Are there downsides to drinking a lot of lemon water?

Because of lemon’s acidity, Fetter says there is a chance that those with weaker tooth enamel might experience some erosion of that enamel over time, and recommended that people not brush their teeth directly after drinking lemon water, orange juice or other highly acidic beverages.

Besides that, the main downsides are a little more abstract. Nyemb-Diop points out that lemon water has come to represent a corrosive diet culture that demonizes certain foods while elevating others. “One of the foundational messages of diet culture is that your body is a problem that needs fixing,” she says. “And when you look at lemon water, there is the idea that your body needs to be detoxified and cleaned.” She added that detoxifying beverages aren’t necessary, since organs like our kidneys already do the job of filtering toxins out of our blood.

Why are celebrities always talking about lemon water, then?

In an exhaustive, unscientific survey that I conducted of – no offense to them – non-celebrities (two group chats and a dinner party), no one polled regularly drank lemon water, though one person offered that their great step aunt, a sturdy German woman, swore by it in her day. Another called lemon water “the rich man’s OJ”, a title that feels energetically correct if not economically accurate, since a pound of lemons costs roughly $2.

That lemon water has become a status habit is somewhat surprising given that it’s relatively inexpensive. Maybe that has to do with the fact that it’s often served at spas, golf courses or in the lobbies of expensive law firms. Or maybe it evokes a serenity that most people simply don’t feel in their day-to-day lives.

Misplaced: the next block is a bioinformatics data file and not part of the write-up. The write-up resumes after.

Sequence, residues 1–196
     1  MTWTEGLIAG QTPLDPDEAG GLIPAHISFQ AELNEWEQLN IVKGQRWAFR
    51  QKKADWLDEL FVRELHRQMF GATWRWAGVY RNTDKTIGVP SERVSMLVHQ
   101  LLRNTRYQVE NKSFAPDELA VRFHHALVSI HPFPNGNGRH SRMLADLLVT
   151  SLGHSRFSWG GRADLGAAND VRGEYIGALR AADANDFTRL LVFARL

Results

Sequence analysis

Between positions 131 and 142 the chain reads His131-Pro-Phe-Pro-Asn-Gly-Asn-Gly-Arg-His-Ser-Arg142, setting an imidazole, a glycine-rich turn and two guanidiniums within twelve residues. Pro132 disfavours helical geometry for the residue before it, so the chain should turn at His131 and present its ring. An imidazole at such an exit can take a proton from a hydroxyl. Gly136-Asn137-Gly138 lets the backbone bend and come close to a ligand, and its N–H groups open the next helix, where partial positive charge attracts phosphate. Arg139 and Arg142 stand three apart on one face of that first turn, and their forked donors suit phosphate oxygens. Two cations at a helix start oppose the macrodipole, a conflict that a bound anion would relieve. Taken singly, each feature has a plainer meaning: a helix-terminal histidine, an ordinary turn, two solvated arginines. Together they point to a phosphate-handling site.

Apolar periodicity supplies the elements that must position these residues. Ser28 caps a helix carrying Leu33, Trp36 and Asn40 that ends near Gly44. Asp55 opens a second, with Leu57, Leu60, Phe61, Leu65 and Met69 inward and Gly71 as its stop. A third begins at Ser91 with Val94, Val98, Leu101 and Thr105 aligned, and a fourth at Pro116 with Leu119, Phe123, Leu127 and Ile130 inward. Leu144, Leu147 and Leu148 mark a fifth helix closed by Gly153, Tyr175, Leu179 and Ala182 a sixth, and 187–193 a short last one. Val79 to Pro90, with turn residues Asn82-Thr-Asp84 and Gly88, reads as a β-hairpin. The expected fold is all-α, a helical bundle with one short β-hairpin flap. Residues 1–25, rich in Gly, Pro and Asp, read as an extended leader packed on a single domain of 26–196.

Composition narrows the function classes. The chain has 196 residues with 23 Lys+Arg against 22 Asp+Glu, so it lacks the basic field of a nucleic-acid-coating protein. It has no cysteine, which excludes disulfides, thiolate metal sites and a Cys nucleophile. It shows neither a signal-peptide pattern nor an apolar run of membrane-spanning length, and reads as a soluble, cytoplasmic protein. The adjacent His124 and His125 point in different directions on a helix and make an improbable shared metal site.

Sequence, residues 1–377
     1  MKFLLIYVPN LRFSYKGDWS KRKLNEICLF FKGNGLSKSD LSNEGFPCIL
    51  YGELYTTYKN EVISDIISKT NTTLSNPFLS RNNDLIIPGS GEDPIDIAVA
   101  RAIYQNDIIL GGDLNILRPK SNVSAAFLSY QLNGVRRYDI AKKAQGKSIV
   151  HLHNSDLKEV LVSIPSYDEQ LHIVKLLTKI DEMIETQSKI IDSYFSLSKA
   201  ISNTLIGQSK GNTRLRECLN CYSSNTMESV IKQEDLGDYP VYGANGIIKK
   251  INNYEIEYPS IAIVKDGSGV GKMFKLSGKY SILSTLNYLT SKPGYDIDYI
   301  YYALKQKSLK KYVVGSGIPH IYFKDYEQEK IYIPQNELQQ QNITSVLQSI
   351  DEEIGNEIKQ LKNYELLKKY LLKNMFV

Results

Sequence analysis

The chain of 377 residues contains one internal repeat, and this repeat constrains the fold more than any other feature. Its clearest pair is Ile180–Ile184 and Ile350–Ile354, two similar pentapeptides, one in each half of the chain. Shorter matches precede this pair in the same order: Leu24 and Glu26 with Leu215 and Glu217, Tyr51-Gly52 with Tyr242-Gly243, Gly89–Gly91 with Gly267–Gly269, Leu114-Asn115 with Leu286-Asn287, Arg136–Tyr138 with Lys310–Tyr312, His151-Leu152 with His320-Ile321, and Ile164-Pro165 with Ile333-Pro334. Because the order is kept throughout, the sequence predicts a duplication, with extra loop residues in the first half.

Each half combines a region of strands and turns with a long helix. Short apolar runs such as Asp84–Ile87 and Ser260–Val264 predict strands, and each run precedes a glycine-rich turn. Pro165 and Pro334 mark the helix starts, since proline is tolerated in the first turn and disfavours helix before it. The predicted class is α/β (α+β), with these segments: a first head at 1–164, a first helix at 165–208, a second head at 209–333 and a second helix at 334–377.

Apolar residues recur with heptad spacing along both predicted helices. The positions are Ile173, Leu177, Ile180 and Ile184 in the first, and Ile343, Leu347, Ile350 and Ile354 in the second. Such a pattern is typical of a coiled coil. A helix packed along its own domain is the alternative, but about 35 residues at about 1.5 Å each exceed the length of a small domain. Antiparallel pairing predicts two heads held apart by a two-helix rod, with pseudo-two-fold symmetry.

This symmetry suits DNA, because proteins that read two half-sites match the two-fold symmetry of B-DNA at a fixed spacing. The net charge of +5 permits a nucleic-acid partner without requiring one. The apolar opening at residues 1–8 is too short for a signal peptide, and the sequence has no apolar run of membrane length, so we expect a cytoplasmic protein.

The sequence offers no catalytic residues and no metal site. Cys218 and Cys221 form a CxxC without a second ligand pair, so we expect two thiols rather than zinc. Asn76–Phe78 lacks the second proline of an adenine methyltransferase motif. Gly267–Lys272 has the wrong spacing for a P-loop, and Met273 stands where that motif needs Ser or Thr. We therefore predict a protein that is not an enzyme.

“When I think of lemon water, I think of this peaceful morning where you’re slowly rolling into the kitchen and slicing up some fresh lemons and taking some time to squeeze the juice into the water,” says Fetter, laughing. “Which is not the reality of a lot of people – especially working people and people who have kids, and are caretakers and all these other responsibilities.”

Nyemb-Diop says this association between lemon water and a certain kind of rarefied existence is also a telltale sign of diet culture. “The goal of that culture is to elevate certain bodies and put them in situations of power. These celebrities are all about that. That’s how they make money.”

In this way, having lemon water in the morning can become more than a way to hydrate or get a bit of vitamin C. It can be a way for a regular person to align their lives with this image of celebrity wellness. “Food now, it’s not just eating to sustain or to move on with your life. It’s a show,” says Nyemb-Diop, pointing to the popularity of “What I Eat in a Day” videos on platforms like TikTok. “Food is not just calories and vitamins,” she says. “It’s identity. It’s emotional.”

If lemon water won’t fix me, what will?

Both Fetter and Nyemb-Diop emphasized that while drinking lemon water every morning probably will not do any harm and can be an enjoyable way to stay hydrated, it’s important to be skeptical of any single food or ingredient that claims to be the key to wellbeing.

“We want that magic pill,” says Fetter. “We tend to focus on, ‘What is the one thing that’s going to change my life? The one thing I need to do to be healthy?’ And unfortunately there’s not one thing that we do to be healthy. It’s all about a lifestyle and creating a pattern for yourself.”

Is Lemon Perfect any good?

It’s fine.

The Guardian